Wouldn't an SMA shorting cap offer more protection than a 50-ohm load when the device is not in use? Couln't a strong RF field still induce a voltage across a 50-ohm load, especially if the load wasn't particularly well-shielded?
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# Webmaster 2013-03-11 17:15
A 50ohm termination is the best protection you can get. It not only protects you from external EM fields getting into the internal RF circuit, but also makes a reliable load in case you switch on the internal RF Generator in RF Explorer models that include it.

All recommended SMA termination loads are always shielded, industry standard, if you cannot get one nearby you can order it from SeeedStudio http://www.seeedstudio.com/depot/sma-termination-50ohm-p-1256.html

With a SMA termination in place, you will need kilowatts of external power nearby to get any noticeable power into the RF circuit.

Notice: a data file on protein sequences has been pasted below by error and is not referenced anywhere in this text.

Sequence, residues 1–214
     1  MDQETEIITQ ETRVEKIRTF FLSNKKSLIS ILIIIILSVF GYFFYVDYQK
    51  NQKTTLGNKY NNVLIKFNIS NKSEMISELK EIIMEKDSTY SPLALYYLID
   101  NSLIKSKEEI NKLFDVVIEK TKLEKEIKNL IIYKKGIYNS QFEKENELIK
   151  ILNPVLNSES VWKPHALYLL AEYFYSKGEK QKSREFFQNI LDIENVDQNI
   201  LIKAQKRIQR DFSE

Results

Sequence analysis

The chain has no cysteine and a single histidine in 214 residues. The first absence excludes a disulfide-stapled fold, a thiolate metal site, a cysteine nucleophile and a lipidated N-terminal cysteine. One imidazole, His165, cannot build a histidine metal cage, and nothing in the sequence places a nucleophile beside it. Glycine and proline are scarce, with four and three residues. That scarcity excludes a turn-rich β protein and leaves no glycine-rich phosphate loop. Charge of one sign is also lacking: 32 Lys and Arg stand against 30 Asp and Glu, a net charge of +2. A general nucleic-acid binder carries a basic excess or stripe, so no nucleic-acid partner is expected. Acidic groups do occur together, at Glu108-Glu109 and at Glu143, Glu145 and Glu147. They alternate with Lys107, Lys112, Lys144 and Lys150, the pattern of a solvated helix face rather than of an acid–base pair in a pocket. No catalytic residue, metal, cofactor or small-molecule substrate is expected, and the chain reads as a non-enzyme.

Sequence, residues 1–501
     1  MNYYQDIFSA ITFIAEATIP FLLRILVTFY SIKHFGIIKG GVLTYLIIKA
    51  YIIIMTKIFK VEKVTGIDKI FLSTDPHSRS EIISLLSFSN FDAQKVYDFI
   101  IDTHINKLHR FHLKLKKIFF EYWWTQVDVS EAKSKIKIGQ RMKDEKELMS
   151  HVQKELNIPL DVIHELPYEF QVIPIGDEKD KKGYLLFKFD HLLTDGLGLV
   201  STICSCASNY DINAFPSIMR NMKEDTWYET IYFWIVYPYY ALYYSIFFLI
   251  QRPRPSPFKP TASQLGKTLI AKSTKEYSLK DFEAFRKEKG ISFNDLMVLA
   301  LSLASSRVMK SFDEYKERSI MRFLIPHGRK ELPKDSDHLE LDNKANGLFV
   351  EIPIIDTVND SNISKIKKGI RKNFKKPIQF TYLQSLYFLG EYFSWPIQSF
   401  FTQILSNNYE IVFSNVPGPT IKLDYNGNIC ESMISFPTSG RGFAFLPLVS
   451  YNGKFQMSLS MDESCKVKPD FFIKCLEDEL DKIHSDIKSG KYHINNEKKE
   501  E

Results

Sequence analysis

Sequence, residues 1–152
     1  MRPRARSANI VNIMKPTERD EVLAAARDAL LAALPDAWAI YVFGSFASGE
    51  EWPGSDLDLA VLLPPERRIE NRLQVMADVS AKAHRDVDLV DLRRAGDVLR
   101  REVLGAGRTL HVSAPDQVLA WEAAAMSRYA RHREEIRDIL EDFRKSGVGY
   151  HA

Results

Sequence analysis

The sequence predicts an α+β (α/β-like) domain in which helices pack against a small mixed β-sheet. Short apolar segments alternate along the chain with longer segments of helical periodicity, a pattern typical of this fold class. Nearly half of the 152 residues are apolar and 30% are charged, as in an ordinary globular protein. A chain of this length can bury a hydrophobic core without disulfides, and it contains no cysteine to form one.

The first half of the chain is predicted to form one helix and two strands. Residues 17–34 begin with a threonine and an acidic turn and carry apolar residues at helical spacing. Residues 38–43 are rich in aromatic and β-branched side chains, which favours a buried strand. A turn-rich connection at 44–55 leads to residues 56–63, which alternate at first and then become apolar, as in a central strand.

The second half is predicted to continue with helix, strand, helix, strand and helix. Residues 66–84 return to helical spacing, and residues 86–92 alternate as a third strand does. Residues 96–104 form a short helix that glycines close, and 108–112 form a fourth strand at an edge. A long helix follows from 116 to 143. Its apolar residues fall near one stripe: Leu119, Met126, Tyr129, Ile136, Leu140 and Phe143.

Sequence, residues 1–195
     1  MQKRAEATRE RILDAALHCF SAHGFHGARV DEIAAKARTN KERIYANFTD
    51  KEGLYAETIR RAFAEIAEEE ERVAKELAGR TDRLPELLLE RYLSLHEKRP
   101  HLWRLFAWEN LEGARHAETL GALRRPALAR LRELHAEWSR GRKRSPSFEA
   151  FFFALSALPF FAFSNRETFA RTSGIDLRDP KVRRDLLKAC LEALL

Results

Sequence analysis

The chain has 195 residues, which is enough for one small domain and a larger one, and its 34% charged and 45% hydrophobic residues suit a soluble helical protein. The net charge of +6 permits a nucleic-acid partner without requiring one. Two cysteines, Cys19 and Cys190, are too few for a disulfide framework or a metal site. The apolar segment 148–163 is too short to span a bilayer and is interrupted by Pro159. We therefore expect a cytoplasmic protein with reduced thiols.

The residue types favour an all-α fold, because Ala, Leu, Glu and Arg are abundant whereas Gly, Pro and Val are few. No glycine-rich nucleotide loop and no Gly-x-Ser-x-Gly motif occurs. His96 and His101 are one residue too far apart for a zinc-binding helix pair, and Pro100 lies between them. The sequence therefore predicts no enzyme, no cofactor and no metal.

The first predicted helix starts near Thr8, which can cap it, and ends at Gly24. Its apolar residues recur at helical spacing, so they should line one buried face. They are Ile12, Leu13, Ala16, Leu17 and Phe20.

On the other hand, a shunt capacitor will not offer a predictable protection because the impedance will vary with frequency. For instance a capacitor will not protect you at low frequencies, usual in some RFID congested areas. In contrast, a SMA termination has a predictable, stable response from DC to 3GHz, usually much more.
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# hubert 2014-06-21 12:23
Hello,

I have a RF explorer 3G combo. I put a RF Explorer Power Limiter on the left SMA. If I want to measure next to a talkie walkie that emits 4W (UHF GP340 for example), how I should proceed to not to bend my RF explore and have a proper measure ?

cordially
hubert
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# Webmaster 2014-06-22 21:27
Quoting hubert:
Hello,

I have a RF explorer 3G combo. I put a RF Explorer Power Limiter on the left SMA. If I want to measure next to a talkie walkie that emits 4W (UHF GP340 for example), how I should proceed to not to bend my RF explore and have a proper measure ?

cordially
hubert


The power limiter will certainly protect your RF Explorer even if it is very close to the 4W RF source. However for the measurement to not overload the analyzer, start by a 10mts distance and get closer till you are measuring no more than -30dBm.